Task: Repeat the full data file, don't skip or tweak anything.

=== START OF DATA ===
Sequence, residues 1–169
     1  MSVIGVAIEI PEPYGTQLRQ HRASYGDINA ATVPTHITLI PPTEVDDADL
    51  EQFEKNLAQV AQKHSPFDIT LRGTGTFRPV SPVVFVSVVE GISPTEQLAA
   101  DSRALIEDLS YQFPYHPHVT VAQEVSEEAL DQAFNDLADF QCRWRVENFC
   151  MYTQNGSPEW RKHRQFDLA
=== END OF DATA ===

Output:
Sequence, residues 1–169
     1  MSVIGVAIEI PEPYGTQLRQ HRASYGDINA ATVPTHITLI PPTEVDDADL
    51  EQFEKNLAQV AQKHSPFDIT LRGTGTFRPV SPVVFVSVVE GISPTEQLAA
   101  DSRALIEDLS YQFPYHPHVT VAQEVSEEAL DQAFNDLADF QCRWRVENFC
   151  MYTQNGSPEW RKHRQFDLA